Thinking about an impossible or merely very difficult problem, because you think that putting forth effort on it will make you stronger, is very different from what Eliezer is talking about. Ask yourself this: if you spend time working on one of the problems from this thread, and in the process become stronger and learn something, and eventually give up to work on something else, will your reaction be more like "I have failed" or "at least I learned something while failing"? If the latter, Eliezer's post is not relevant to you, and your attempts are not in its spirit.
I rewrote my entire intro because of your post. Thanks for giving me complaints specific enough to go on. Now that I've explained my vision much better, do you feel like I've done a good job of addressing the concerns in your comment?
Yes, this is an improvement. Now I just think that you're going about things in suboptimal fashion, rather than also attempting to justify it with appeals to an article that goes against what you're doing. As I doubt recommending an alternative plan would increase your chance of success, I will simply wish you good luck. It would be awesome to see something good come of this! (FWIW, I don't think you picked a good example for "even Eliezer can be wrong". It seems too much like you made a very short search for an instance of Eliezer being wrong and stopped at the first plausible option, which wasn't a very good one.)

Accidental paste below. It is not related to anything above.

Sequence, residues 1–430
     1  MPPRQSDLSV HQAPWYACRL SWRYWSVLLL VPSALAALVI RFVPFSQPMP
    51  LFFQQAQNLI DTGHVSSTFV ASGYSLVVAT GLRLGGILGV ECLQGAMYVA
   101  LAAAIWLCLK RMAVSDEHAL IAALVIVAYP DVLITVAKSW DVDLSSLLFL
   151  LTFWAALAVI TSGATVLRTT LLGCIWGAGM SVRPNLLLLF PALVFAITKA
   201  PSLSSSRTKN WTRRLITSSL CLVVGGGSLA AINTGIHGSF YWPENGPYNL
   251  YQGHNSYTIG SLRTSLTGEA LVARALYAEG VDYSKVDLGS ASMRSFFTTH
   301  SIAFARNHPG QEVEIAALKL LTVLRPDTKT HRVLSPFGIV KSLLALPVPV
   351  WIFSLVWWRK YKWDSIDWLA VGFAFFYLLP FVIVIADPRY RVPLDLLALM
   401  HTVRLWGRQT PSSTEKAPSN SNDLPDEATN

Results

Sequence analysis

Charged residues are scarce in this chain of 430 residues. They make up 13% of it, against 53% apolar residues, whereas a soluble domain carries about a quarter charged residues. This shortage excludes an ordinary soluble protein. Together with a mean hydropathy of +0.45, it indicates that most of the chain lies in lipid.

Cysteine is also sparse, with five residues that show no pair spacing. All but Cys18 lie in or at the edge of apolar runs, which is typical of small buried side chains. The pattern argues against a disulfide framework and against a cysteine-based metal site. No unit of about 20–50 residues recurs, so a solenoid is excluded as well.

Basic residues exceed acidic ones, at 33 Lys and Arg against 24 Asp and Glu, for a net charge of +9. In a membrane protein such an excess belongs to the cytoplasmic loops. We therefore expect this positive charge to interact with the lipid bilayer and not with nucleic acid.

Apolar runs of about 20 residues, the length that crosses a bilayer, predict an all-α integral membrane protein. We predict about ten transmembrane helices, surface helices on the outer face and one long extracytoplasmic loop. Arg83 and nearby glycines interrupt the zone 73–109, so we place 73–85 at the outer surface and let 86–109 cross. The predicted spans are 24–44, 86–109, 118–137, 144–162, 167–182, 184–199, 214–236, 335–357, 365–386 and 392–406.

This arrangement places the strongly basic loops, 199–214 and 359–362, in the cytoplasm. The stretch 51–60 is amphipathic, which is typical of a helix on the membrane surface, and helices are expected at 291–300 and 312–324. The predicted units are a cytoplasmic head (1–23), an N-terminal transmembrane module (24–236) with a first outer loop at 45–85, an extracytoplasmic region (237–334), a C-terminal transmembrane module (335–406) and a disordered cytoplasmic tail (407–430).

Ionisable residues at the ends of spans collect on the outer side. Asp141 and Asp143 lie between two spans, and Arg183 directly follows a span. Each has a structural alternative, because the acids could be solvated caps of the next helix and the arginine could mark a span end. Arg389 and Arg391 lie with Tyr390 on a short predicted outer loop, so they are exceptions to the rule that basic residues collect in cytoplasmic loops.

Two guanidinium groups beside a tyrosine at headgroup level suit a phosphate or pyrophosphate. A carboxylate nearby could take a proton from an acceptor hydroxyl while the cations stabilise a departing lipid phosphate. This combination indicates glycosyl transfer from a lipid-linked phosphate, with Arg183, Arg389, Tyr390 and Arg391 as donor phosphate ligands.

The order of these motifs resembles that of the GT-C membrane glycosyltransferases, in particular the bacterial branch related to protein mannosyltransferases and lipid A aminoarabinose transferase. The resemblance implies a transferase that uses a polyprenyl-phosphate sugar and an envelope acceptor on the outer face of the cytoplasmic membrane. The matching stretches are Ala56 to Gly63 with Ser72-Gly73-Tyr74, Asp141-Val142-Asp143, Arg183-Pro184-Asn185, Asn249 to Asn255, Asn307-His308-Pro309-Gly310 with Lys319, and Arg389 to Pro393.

Idea: Rational Agreement Software

I think this would be the most useful, even if it was only partially completed, since even a partial database would help greatly with both finding previously unrecognized biases and with the logic checking AI. It may even make the latter possible without the natural language understanding that Nancy thinks would likely be needed for it.
What I'm seeing is that a rational agreement software would require some kind of objective method for marking logical fallacies, which the logic checking AI would obviously be helpful with. Not sure why the rationalist agreement database would help with creating the logic checking AI, unless you mean it can act like a sort of "wizard" where you can go through your document with it one piece at a time and have a sort of "chat" with it about what the rationalist agreement database contains, fed to you in little carefully selected bits.
I like the Rational Agreement Software project, which I'd consider improved collaboration software. That's a good project. That's an important project. That's the fastest way to superhuman AI - combining the talents of multiple humans with technology. That's probably the fastest way to solve all our problems - create an infrastructure to better harness our cognitive surplus. You seemed to focus on creating agreement - I think we'd be doing pretty well just to speed up the cycle time for improving our arguments, and accurately communicating them. Get a bunch of people together, get them all typing, get them providing feedback, and iterate in a way that keeps track of the history, but leaves and improved and concise summary at each iteration.